Negotiated cash fed cattle trade continued steady to firm Thursday with live sales at $124/cwt. in Nebraska and at $125 in the western Corn Belt. Dressed sales were at $199 in Nebraska and at $198.00-$199.50 in the western Corn Belt. For the week, live sales in the Southern Plains also were steady at $124.
Cattle futures weakened, though, closing down triple digits, amid active trade. Pressure could have included the bounce higher in nearby Corn futures, demand wonderments related to the global spread of the coronavirus, as well as positioning ahead of the monthly Cattle on Feed report (see below) that will be released Friday afternoon. Definitive explanations were elusive, though.
Live Cattle futures close an average of $1.88 lower.
Feeder Cattle futures closed an average of $2.40 lower for an average of $3.47 lower in the last two sessions.
Wholesale beef values were firm on Choice and lower on Select, with light to moderate demand and offerings, according to the Agricultural Marketing Service.
Choice boxed beef cutout value was 36¢ higher Thursday afternoon at $215.32/cwt. Select was 82¢ lower at $211.20.
Corn futures closed 4¢ to 5¢ higher through the front three contracts and then mostly 1¢ to 2¢ higher.
Soybean futures closed 3¢ to 4¢ lower in the front six contracts and then mostly 1¢ to 4¢ higher.
Major U.S. financial indices closed narrowly mixed Thursday. Most of the unease seemed to continue to stem from the spread of novel coronavirus. However, the World Health Organization (WHO) offered some optimism in a statement.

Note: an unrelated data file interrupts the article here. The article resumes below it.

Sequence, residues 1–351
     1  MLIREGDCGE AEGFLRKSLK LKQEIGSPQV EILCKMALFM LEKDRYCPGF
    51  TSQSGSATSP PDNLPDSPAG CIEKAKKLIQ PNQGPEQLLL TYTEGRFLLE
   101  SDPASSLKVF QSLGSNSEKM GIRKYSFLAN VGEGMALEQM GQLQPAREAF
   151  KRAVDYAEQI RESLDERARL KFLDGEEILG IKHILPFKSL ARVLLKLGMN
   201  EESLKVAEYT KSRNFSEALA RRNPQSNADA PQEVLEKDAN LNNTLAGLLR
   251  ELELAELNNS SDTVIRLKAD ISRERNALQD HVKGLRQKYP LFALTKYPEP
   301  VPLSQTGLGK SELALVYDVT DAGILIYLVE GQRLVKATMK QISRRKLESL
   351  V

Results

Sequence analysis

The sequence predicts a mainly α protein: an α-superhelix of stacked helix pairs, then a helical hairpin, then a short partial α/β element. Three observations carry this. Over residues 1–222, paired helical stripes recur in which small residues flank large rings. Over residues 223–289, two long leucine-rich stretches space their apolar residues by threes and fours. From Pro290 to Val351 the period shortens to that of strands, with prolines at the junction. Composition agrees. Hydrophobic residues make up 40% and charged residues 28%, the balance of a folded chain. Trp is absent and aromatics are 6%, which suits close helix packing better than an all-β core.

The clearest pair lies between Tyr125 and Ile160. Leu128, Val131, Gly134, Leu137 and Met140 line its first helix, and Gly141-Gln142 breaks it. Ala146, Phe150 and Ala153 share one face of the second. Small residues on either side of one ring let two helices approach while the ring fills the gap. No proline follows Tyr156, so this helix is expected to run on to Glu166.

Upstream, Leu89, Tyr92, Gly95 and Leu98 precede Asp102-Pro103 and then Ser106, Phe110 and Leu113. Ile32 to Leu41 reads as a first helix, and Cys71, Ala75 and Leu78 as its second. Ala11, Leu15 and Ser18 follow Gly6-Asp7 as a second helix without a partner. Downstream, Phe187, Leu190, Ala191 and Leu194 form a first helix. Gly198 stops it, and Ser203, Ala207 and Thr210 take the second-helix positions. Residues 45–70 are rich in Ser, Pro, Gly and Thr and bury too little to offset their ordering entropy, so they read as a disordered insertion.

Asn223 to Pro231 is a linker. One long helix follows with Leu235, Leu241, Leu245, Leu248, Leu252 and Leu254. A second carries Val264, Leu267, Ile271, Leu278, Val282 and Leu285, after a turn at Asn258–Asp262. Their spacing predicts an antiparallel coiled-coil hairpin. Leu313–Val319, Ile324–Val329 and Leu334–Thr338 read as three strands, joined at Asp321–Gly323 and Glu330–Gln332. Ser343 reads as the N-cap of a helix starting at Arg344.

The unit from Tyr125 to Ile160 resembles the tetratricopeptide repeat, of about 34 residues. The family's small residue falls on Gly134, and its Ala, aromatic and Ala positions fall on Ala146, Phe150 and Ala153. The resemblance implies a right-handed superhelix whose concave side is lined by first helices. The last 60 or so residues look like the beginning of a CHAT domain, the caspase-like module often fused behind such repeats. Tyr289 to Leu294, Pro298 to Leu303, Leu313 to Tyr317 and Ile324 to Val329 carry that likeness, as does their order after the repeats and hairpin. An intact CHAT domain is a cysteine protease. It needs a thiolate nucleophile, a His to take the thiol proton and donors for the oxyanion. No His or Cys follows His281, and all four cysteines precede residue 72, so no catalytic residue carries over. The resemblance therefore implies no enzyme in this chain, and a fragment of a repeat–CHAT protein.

“On 22 January, the members of the Emergency Committee expressed divergent views on whether this event constitutes a Public Health Emergency of International Concern (PHEIC) or not,” according to the statement. “At that time, the advice was that the event did not constitute a PHEIC, but the Committee members agreed on the urgency of the situation and suggested that the Committee should be reconvened in a matter of days to examine the situation further.”
The Dow Jones Industrial Average closed 26 points lower. The S&P 500 closed 3 points higher. The NASDAQ was up 18 points.
Heading into Friday’s monthly Cattle on Feed report, analysts surveyed by Urner Barry expected, on average, December feedlot placements to be 3.3% higher year over year, according to the Daily Livestock Report.
Those analysts expect to see December marketings up 5.3% and total cattle on feed Jan. 1—in feedlots with 1,000 head or more capacity—to be up 2.1%.
In the meantime, cattle feeding economics grow more positive, according to the most recent Historical and Projected Kansas Feedlot Net Returns, from Kansas State University.
Net returns projected for closeouts in December are +$51.13 per head for steers and +$40.44 per head for heifers, according to the report. That’s with estimated feedlot cost of gain (FCOG) of $89.49/cwt. for steers and $95.78 for heifers.
Moreover, the report projects positive net returns for steers in six of the next eight months, counting January with a range of -$12.44 (June) to +$122.26 (January) with FCOG of $85.75 (July) to $94.77 (February).
KSU projects positive net returns for heifers in the next eight months, ranging from +$3.60 (August) to +$146.75 (January) with FCOG of $93.01 (August) to $99.88 (February).
Keep in mind that these estimates are cash to cash and do not account for price risk management.